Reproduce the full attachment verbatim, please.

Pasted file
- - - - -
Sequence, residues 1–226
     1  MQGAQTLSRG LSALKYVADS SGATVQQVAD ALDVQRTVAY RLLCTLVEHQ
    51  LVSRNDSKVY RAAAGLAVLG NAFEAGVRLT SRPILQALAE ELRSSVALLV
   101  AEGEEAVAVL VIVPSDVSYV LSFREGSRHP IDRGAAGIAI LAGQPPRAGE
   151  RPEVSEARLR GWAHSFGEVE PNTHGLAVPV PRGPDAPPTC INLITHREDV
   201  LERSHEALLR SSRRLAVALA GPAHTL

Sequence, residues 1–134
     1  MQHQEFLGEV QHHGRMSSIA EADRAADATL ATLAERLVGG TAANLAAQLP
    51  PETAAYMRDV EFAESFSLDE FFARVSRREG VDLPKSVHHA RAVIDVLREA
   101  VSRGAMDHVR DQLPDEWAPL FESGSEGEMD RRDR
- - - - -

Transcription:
Sequence, residues 1–226
     1  MQGAQTLSRG LSALKYVADS SGATVQQVAD ALDVQRTVAY RLLCTLVEHQ
    51  LVSRNDSKVY RAAAGLAVLG NAFEAGVRLT SRPILQALAE ELRSSVALLV
   101  AEGEEAVAVL VIVPSDVSYV LSFREGSRHP IDRGAAGIAI LAGQPPRAGE
   151  RPEVSEARLR GWAHSFGEVE PNTHGLAVPV PRGPDAPPTC INLITHREDV
   201  LERSHEALLR SSRRLAVALA GPAHTL

Sequence, residues 1–134
     1  MQHQEFLGEV QHHGRMSSIA EADRAADATL ATLAERLVGG TAANLAAQLP
    51  PETAAYMRDV EFAESFSLDE FFARVSRREG VDLPKSVHHA RAVIDVLREA
   101  VSRGAMDHVR DQLPDEWAPL FESGSEGEMD RRDR